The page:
Sensor Size: 11mm CMOS.
Lens: Sony G f3.5-6.3/4.3-129mm (24-720mm as 35 SLR equivalent).
Shutter Speed: 4 to 1/1600 second.
Memory: Memory Stick Duo, PRO Duo/PRO-HG Duo/SD/SDHC/SDXC and Micro SD/SDHC cards plus 48MB.
Image Sizes (pixels): 5184×3888 to 640×480.
Movies (pixels): 1920×1080, 1440×1080, 1280×720, 640×480.
Rear LCD Screen: 7.6cm LCD (921,600 pixels).
File Formats: JPEG, AVCHD, MPEG4.
ISO Sensitivity: Auto, 80 to 12800.
Interface: USB 2.0, HDMI, WiFi, DC.
Power: Rechargeable lithium ion battery, DC input.
Dimensions: 108.1×63.6×38.3 WHDmm.
Weight: 272 g (with battery and card).
Price: Get a price on the Sony Cyber-Shot DSC-HX50V at Amazon.

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Barrie Smith is an experienced writer/photographer currently published in Australian Macworld, Auscam and other magazines in Australia and overseas.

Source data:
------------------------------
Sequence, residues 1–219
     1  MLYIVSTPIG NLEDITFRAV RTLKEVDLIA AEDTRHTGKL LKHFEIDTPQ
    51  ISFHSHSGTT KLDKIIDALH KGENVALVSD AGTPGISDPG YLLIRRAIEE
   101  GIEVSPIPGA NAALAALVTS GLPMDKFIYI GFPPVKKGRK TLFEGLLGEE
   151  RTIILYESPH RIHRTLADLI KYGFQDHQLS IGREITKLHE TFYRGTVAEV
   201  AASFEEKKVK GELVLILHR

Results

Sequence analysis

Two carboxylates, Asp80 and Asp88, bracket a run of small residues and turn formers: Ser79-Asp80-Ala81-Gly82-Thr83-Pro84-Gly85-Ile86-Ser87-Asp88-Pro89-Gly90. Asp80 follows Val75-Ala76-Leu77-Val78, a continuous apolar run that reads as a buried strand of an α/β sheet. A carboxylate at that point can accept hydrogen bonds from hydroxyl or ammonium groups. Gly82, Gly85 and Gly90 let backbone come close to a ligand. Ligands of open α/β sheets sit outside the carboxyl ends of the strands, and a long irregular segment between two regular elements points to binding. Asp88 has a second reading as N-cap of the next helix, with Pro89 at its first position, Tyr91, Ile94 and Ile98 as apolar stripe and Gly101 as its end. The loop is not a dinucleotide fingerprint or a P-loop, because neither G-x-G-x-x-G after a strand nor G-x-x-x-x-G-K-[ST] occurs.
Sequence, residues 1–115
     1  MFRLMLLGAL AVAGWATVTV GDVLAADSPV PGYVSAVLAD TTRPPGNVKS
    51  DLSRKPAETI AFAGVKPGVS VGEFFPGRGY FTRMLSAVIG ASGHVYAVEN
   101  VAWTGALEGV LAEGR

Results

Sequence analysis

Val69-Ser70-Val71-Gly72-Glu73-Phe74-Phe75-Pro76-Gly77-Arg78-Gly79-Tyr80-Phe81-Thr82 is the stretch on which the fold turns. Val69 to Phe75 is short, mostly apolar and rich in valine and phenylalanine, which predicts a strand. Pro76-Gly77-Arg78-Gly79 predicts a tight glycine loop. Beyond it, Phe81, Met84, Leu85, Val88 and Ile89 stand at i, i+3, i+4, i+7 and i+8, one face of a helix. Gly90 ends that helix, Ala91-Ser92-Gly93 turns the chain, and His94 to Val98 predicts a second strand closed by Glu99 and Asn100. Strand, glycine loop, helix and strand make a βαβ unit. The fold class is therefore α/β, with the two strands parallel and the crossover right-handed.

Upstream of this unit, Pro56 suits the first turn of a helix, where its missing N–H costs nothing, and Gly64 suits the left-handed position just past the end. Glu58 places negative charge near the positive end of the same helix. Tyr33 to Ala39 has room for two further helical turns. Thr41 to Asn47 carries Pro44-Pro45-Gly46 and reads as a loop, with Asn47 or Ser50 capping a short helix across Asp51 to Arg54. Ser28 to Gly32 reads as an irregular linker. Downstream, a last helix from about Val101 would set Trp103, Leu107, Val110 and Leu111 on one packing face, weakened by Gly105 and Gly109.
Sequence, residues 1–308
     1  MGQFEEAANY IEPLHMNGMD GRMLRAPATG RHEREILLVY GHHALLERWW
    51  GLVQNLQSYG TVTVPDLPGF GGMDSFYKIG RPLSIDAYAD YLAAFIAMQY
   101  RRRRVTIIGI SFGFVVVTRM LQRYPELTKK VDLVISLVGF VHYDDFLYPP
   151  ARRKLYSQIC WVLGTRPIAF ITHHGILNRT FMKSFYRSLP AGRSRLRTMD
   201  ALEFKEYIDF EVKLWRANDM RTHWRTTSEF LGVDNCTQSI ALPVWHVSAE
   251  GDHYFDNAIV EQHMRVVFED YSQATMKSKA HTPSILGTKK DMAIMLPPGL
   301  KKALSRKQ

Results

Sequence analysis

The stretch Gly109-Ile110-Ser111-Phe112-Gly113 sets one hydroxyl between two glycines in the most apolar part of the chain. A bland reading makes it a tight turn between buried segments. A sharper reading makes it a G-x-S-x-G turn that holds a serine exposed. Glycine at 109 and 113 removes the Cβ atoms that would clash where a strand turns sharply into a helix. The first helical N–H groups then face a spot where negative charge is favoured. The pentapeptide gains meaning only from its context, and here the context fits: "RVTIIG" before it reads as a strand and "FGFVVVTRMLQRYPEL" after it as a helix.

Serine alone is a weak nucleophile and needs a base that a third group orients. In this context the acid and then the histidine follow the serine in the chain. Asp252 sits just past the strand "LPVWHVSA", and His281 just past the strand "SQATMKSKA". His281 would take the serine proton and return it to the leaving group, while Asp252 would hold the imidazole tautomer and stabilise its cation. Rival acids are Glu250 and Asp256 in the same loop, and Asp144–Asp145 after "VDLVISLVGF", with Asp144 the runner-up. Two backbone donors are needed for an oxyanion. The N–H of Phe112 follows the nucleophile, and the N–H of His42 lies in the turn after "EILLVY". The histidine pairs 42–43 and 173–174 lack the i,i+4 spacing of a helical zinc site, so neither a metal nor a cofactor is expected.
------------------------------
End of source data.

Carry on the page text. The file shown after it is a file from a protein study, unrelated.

Some Older Comments

  • Terry O'Brien September 30, 2013 02:12 am

    I just returned from Africa after breaking in the HX50V. It performed very well and could out reach a number of big guns in the van. I carried a small hand tripod for tougher reaches and wasn't disappointed. More than two hours of AVCH movies, likewise were crisp and colorful. As a precaution, I carried along an old Sony D580 w. an 18-250 zoom, after a few days, I didn't use it much because the HX50 performed better at almost every level. If you are looking to simplify your life and avoid packing three or four lenses for you DSLR when traveling. The HX50V is a keeper.

  • Andrea Bulgarini September 10, 2013 08:47 pm

    Thank you Barrie for clear review of DSC-HX50V! Very good job! AndreA from Italy

  • Emily August 13, 2013 10:17 am

    Thanks Orville. I went with the TZ40. I love it!

  • Peter Park August 13, 2013 02:14 am

    I need a smaller digital camera in addition to my DSLR for mostly food and travel photography. I've been wondering if I should get this DSC-HX50V or Fujifilm x100 for many days now and can't decide. Which do you recommend?

  • Barrie Smith August 9, 2013 11:41 am

    Thanks tom Rich Smith

    for your correction. I may well have had the camera in AVC HD 28M record mode. Bit annoying that this could prevent still shooting mid video. Most people will shoot at this top quality.